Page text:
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There’s nothing more comforting than a hot amazingly Easy Beef Stew. Chock full of tender chunks of beef and vegetables and other simple pantry ingredients, this is a hearty bowl of savory goodness that will satisfy even the hungriest appetites.
I have always had a love-hate relationship with beef stew. I love the flavor, the way it warms you up and fills your belly. But I hate making it. For some reason it’s one of those things that I always thought was just too complicated so I wouldn’t bother with it. Then I got over it and made it and it was the BEST. THING. EVER.
Kind of like soups, there’s no definitive “right” or “wrong” way to make beef stew. There are a lot of ingredients, which can be intimidating, but it’s really an easy recipe to make. It’s basically meat and vegetables in gravy. Once you break it down like that, it becomes pretty simple!
The key to a good stew is getting the meat right. You can use different cuts of beef depending on the time you have. Traditionally, chuck roast is used for beef stew. But chuck is a tougher cut of meat, albeit more flavorful because of it’s higher fat content. To cook the chuck you’d want at least an hour to an hour and a half. More tender cuts of beef, like sirloin can be used to get a quick stew in 30 minutes or so. Since the meat is more tender already, it doesn’t need the traditional low and slow cooking time that a chuck roast does. However it doesn’t have the same fat ratio so it’s not as flavorful.
I always use chuck and I’m willing to wait it out because I feel like the flavor is so much richer and the meat so much more tender. Try it for yourself – I think you’ll agree!
Whichever cut you buy, I do recommend buying a whole roast and cutting it into chunks yourself. The already cut up stew meat might save you time, but it’s often made up of remnants of cuts of meat, so some will be more tender than others and may require different cooking times and methods.
This Beef stew recipe has got tons of flavor added! Aside from your basic salt and pepper, Worcestershire sauce adds umami and Liquid smoke adds a rich smokiness to the gravy.
You can cook the meat in the broth without browning if you want to shave a little time off the cooking. However, browning infuses a ton of flavor, so I highly recommend it.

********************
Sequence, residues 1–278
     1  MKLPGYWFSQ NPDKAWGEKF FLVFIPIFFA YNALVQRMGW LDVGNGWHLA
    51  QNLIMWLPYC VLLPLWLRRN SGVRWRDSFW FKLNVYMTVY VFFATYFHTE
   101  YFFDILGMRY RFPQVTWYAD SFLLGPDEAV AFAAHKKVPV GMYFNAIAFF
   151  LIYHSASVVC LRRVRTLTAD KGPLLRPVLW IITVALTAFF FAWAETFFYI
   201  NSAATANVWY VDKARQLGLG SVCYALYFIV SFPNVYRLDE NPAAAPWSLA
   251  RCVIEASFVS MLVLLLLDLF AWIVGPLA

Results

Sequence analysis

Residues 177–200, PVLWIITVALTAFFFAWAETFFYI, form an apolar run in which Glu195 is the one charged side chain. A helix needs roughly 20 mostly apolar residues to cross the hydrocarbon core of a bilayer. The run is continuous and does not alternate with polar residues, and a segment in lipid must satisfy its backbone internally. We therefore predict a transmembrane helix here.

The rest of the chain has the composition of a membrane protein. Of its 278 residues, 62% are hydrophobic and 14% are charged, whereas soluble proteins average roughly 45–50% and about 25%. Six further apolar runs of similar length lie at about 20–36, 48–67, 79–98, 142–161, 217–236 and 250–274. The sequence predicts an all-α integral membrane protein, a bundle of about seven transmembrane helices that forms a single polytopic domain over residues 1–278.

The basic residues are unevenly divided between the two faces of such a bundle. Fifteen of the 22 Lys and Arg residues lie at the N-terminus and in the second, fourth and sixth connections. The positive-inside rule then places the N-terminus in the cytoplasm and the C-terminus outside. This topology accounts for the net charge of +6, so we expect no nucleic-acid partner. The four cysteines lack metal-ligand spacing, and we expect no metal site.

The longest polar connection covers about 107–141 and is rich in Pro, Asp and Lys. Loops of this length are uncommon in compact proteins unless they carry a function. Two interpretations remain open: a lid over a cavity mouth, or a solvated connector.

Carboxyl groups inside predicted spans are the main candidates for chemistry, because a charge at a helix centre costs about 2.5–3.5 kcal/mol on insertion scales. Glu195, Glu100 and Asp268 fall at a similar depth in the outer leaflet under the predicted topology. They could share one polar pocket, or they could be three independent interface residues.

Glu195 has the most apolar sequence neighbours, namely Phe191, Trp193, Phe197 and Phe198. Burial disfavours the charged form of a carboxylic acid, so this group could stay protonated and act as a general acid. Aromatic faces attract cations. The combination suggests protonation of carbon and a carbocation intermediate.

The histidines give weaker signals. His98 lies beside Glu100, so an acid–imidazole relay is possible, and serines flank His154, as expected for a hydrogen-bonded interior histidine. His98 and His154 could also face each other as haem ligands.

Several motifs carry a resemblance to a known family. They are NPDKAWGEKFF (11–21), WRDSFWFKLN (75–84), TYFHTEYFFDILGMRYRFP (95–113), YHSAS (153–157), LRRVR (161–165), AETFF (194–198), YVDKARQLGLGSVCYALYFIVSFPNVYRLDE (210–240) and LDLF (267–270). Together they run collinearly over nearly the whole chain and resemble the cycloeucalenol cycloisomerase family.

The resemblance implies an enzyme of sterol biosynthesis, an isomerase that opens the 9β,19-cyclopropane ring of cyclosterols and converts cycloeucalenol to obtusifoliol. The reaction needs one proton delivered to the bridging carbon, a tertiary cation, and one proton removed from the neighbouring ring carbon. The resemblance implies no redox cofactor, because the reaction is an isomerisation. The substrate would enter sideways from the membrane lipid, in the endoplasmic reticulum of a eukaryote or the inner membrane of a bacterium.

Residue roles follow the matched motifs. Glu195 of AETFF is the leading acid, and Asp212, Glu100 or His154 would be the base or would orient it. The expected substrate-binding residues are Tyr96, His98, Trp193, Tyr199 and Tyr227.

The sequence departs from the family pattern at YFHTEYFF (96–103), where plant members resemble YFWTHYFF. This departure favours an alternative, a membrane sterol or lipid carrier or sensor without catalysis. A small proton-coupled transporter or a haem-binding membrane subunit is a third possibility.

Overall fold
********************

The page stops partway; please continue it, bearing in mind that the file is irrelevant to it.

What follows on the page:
When cooked with the beef broth, the potatoes release starch which thickens the broth. Flour is also added as a thickener.
Whisk the flour with some of the broth from the soup until it’s smooth and there are no lumps f flour left. Pour this into the stew and let it simmer a bit until you are happy with the thickness of the gravy.
Do not add flour to the stew on it’s own or you’ll end up with lumps of flour floating around, which isn’t very delicious.
You can also make beef stew in the slow cooker! Brown the meat, then add all of the ingredients except the carrots and potatoes to the crock pot. Cook on low for 8-10 hours, adding the additional vegetables during the last 2 hours. If thickening is needed, add the flour mixture and turn heat to high with the lid removed for 15 minutes.
Beef Stew is hearty, rich and filling. It’s a meal on it’s own and doesn’t require much to be served. If I want to stretch the servings, I’ll make some Garlic Bread and a Garden Salad, or just serve with a loaf of crusty bread or some crackers.
Another delicious option is to omit the potatoes from the stew, and serve over mashed potatoes.
Make Ahead – You can make the stew a day ahead of time. Cool, cover and refrigerate, then heat on the stove or in your slow cooker.
Storing leftovers – Coll the stew completely, then pour into a container with an airtight lid and store in the refrigerator for up to 4 days. Reheat in the microwave or on the stovetop.
Freezing – Beef stew freezes beautifully. Allow to cool completely, then transfer to a freezer safe container or plastic resealable bag. Store in the freezer for up to 6 months. Thaw and reheat as desired.
Updated from Oct 2017